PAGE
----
Green Buildings Selling for More?


Green Buildings Selling for More

New analysis shows “green” homes may be a bright spot in today’s real estate market. Environmentally certified homes sold for 4.8 percent more and stayed on the market for 24 percent less time than comparable homes sold last year, according to GreenWorks Realty. The firm’s research focused on the Seattle market.

In the first year since it began tracking environmentally certified homes, 19.8 percent of new homes in Seattle sold on the Northwest Multiple Listing Service were environmentally certified. These homes averaged 1,477 square feet, just slightly smaller than the 1,492 square foot average for all new homes sold. On a square foot basis, this means green homes sold for a 5.9 percent premium. Green homes certified by a third party sold for a 10.5 percent premium on a square foot basis.

“In today’s changing market, this is an important finding for homeowners to consider,” noted Ben Kaufman, founder of GreenWorks Realty. He added, “Environmentally certified homes offer homeowners a way to get the most value and sell more quickly.”

Environmentally certified homes include those certified by Built GreenT, Energy StarT or LEED for HomesT. From September 1, 2007 to March 31, 2008, 168 environmentally certified single-family new homes were sold in Seattle out of a total of 848 new homes sold.

“Until now, the idea that people are willing to pay more for environmentally certified housing has been mostly based on anecdotes,” said Aaron Adelstein, Executive Director of Built Green. “Now we have the first hard data to back up what many of us have believed for a long time – green sells for more,” he added.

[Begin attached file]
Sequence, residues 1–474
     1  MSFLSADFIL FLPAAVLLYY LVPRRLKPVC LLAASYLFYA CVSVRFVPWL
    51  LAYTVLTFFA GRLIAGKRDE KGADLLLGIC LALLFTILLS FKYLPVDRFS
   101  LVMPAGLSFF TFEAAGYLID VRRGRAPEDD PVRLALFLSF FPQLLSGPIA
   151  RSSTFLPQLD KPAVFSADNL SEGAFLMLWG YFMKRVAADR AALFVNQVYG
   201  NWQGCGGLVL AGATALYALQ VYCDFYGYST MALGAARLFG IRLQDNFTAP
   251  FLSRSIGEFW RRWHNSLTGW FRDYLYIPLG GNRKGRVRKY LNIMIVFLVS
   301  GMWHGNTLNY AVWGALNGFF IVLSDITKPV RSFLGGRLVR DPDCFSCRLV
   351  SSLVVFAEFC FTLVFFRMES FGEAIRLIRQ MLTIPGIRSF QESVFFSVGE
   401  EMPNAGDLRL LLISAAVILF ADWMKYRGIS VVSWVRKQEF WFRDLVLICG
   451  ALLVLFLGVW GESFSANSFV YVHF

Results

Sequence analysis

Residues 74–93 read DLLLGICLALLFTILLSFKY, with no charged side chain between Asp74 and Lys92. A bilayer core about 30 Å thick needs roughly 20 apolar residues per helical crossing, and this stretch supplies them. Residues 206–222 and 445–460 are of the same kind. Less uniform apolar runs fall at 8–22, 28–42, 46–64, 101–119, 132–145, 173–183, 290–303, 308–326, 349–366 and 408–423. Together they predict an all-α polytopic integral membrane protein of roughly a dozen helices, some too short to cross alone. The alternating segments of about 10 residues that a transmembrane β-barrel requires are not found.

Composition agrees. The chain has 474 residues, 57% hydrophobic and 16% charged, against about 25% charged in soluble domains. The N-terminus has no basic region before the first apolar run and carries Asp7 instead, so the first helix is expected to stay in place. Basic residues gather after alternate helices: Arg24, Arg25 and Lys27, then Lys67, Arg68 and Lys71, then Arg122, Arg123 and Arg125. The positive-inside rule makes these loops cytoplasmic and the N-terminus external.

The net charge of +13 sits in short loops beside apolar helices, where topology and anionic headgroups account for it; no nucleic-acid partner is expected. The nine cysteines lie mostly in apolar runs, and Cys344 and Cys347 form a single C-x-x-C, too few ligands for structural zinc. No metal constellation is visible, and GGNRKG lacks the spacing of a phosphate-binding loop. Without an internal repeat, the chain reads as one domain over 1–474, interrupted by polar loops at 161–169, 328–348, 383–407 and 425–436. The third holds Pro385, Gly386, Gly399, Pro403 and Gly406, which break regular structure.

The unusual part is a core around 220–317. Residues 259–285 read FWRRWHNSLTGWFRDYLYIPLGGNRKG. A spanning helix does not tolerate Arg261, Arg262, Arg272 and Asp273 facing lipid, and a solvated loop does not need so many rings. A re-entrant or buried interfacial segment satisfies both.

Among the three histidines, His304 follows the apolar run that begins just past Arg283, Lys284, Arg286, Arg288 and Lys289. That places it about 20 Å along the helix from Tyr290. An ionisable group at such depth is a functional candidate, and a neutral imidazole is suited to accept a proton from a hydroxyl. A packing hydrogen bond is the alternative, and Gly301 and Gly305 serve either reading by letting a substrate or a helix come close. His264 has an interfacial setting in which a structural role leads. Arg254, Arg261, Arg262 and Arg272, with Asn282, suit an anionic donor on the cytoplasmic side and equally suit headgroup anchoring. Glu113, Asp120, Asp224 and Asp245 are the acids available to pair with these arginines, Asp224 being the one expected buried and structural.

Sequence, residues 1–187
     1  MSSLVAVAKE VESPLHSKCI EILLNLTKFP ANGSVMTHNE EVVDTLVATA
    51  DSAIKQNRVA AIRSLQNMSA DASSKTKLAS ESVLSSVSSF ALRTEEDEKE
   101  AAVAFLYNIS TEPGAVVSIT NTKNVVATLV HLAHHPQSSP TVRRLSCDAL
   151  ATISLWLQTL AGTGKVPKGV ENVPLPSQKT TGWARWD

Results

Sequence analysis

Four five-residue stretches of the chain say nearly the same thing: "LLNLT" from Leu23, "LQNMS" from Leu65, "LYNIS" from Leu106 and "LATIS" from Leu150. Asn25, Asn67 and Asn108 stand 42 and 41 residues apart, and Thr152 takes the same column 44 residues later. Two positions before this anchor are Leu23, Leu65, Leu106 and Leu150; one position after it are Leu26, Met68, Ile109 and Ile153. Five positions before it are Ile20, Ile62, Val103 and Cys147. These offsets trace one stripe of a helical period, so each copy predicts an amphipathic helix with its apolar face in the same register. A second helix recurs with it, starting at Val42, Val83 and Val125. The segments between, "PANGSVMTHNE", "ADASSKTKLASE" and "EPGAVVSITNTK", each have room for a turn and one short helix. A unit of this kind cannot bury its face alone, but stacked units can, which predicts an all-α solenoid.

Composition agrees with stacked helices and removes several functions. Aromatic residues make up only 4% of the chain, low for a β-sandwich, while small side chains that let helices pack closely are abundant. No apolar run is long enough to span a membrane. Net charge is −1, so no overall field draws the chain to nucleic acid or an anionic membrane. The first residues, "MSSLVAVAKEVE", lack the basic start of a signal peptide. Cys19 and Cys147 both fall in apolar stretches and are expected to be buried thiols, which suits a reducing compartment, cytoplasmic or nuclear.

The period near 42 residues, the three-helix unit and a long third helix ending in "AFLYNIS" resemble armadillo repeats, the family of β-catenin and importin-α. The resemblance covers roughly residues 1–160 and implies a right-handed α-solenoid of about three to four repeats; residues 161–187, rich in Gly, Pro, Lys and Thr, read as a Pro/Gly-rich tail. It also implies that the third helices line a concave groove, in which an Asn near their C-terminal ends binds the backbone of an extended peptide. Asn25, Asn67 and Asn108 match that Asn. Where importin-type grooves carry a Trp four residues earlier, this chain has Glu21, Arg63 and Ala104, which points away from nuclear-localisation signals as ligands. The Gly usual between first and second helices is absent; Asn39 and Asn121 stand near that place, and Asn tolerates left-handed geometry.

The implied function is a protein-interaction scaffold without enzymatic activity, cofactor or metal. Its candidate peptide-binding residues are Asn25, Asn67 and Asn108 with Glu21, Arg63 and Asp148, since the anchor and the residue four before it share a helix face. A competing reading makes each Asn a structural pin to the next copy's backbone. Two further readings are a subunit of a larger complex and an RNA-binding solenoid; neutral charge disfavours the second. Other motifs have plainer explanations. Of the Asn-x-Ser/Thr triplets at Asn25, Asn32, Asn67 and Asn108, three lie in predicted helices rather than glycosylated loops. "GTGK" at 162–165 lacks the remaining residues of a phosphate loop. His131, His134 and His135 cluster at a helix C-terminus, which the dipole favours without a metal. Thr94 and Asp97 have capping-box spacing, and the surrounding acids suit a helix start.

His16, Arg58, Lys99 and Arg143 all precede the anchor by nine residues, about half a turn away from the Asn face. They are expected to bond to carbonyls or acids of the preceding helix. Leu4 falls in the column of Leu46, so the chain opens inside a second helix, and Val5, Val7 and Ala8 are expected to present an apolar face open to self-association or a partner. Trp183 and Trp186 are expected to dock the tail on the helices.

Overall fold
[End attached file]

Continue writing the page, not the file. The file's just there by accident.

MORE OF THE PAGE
Kaufman noted, “When buying homes, it seems buyers understand the benefits of green homes – from lower energy bills to healthier indoor air.” Kaufman initiated the effort to include environmental certification checkboxes in the NWMLS. “These new figures will help appraisers, homeowners and real estate agents understand what buyers are willing to pay for an environmentally certified home,” added Kaufman.

I have no doubt that this is the case in many areas, however I have not seen the market pay a sustained premium for environmentally friendly homes in South Carolina. It’s coming, and I hope that it happens soon, but the South Carolina “green” market just isn’t big enough to document that it’s happening yet.

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